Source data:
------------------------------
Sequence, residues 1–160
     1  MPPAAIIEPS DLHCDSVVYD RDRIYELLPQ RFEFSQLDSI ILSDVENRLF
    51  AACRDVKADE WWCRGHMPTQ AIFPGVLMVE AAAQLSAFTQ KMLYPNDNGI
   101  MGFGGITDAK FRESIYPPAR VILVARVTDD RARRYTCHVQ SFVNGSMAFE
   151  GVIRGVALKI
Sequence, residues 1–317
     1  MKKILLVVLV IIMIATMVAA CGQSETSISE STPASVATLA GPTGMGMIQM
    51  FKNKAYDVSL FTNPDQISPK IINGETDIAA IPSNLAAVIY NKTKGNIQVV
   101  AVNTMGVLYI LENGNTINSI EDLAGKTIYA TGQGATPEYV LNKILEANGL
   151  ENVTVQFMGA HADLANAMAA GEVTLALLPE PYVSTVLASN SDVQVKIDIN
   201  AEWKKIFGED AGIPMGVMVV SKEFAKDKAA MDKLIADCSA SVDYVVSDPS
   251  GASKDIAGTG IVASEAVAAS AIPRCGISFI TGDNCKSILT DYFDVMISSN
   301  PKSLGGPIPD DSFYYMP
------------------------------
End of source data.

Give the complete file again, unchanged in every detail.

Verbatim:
Sequence, residues 1–160
     1  MPPAAIIEPS DLHCDSVVYD RDRIYELLPQ RFEFSQLDSI ILSDVENRLF
    51  AACRDVKADE WWCRGHMPTQ AIFPGVLMVE AAAQLSAFTQ KMLYPNDNGI
   101  MGFGGITDAK FRESIYPPAR VILVARVTDD RARRYTCHVQ SFVNGSMAFE
   151  GVIRGVALKI
Sequence, residues 1–317
     1  MKKILLVVLV IIMIATMVAA CGQSETSISE STPASVATLA GPTGMGMIQM
    51  FKNKAYDVSL FTNPDQISPK IINGETDIAA IPSNLAAVIY NKTKGNIQVV
   101  AVNTMGVLYI LENGNTINSI EDLAGKTIYA TGQGATPEYV LNKILEANGL
   151  ENVTVQFMGA HADLANAMAA GEVTLALLPE PYVSTVLASN SDVQVKIDIN
   201  AEWKKIFGED AGIPMGVMVV SKEFAKDKAA MDKLIADCSA SVDYVVSDPS
   251  GASKDIAGTG IVASEAVAAS AIPRCGISFI TGDNCKSILT DYFDVMISSN
   301  PKSLGGPIPD DSFYYMP